ISBN: 978-1-5011-8350-8

Page Count: 304

Publisher: Scribner

Review Posted Online: Feb. 4, 2019

Kirkus Reviews Issue: Feb. 15, 2019

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Hoover is one of the freshest voices in new-adult fiction, and her latest resonates with true emotion, unforgettable...

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MAYBE SOMEDAY

Sydney and Ridge make beautiful music together in a love triangle written by Hoover (Losing Hope, 2013, etc.), with a link to a digital soundtrack by American Idol contestant Griffin Peterson.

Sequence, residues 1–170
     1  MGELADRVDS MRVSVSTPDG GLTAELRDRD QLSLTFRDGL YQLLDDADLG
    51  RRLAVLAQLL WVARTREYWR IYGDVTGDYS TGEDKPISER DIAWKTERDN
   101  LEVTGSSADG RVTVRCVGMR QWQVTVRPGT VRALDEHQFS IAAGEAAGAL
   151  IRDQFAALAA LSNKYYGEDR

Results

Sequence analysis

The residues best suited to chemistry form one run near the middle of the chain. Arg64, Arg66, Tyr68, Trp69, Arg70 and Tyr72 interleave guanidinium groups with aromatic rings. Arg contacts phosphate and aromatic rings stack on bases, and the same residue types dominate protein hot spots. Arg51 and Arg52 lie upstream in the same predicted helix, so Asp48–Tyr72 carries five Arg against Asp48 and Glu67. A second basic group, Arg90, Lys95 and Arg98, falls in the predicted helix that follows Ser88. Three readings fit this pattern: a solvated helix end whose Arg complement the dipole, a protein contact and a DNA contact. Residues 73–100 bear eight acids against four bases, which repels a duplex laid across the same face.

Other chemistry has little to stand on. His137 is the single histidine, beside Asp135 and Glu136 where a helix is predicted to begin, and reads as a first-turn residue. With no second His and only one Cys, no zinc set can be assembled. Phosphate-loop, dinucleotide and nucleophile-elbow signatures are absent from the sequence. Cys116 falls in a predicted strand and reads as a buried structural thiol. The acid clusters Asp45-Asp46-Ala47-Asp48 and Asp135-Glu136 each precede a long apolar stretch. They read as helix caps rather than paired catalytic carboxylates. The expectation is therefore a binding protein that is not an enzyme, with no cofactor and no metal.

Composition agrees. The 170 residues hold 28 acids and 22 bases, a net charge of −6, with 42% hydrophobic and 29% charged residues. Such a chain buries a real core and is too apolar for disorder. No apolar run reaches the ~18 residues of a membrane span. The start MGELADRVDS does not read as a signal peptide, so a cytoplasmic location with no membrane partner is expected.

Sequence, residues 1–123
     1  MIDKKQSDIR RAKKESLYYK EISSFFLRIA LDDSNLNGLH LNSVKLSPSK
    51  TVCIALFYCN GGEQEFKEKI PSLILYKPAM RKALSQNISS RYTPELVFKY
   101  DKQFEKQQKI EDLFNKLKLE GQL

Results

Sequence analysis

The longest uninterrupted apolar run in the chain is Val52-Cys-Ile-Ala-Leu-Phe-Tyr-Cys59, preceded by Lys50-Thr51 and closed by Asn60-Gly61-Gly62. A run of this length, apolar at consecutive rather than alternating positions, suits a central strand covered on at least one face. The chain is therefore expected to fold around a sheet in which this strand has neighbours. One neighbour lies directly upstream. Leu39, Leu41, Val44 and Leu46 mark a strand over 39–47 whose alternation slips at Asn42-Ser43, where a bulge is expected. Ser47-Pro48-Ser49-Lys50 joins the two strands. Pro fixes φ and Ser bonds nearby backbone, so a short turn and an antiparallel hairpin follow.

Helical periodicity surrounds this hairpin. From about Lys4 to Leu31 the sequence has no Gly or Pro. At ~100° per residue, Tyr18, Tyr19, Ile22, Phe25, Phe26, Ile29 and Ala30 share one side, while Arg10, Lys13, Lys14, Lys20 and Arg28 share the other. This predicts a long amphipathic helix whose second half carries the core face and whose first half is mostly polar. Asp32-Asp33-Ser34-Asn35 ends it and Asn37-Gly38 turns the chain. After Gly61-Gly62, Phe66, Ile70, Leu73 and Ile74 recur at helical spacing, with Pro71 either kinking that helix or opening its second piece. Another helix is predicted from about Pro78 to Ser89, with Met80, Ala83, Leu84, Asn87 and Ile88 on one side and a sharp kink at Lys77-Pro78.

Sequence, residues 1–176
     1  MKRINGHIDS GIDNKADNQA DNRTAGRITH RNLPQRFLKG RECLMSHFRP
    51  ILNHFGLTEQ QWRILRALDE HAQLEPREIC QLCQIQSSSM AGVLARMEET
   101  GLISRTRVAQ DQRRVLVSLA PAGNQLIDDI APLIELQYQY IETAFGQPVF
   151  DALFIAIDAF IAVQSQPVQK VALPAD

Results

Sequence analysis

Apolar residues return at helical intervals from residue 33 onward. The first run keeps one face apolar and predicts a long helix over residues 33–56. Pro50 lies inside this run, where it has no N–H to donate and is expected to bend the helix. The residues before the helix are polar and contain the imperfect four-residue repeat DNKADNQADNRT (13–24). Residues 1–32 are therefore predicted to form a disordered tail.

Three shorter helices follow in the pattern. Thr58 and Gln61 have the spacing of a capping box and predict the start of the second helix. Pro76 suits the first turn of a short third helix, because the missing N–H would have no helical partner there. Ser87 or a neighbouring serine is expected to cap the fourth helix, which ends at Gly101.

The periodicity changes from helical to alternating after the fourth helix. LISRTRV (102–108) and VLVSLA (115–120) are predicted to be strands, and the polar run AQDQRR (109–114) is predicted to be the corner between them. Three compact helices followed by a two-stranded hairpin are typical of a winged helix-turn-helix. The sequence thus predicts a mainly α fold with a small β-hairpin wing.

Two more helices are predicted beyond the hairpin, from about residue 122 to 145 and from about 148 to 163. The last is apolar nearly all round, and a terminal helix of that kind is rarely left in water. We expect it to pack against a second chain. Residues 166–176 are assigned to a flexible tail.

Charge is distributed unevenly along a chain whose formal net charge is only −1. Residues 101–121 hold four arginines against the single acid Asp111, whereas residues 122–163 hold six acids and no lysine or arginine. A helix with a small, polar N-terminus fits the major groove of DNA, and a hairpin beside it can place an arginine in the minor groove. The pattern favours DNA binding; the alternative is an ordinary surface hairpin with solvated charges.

Hoover is a master at writing scenes from dual perspectives. While music student Sydney is watching her neighbor Ridge play guitar on his balcony across the courtyard, Ridge is watching Sydney’s boyfriend, Hunter, secretly make out with her best friend on her balcony. The two begin a songwriting partnership that grows into something more once Sydney dumps Hunter and decides to crash with Ridge and his two roommates while she gets back on her feet. She finds out after the fact that Ridge already has a long-distance girlfriend, Maggie—and that he's deaf. Ridge’s deafness doesn’t impede their relationship or their music. In fact, it creates opportunities for sexy nonverbal communication and witty text messages: Ridge tenderly washes off a message he wrote on Sydney’s hand in ink, and when Sydney adds a few too many e’s to the word “squee” in her text, Ridge replies, “If those letters really make up a sound, I am so, so glad I can’t hear it.” While they fight their mutual attraction, their hope that “maybe someday” they can be together playfully comes out in their music. Peterson’s eight original songs flesh out Sydney’s lyrics with a good mix of moody musical styles: “Living a Lie” has the drama of a Coldplay piano ballad, while the chorus of “Maybe Someday” marches to the rhythm of the Lumineers. But Ridge’s lingering feelings for Maggie cause heartache for all three of them. Independent Maggie never complains about Ridge’s friendship with Sydney, and it's hard to even want Ridge to leave Maggie when she reveals her devastating secret. But Ridge can’t hide his feelings for Sydney long—and they face their dilemma with refreshing emotional honesty.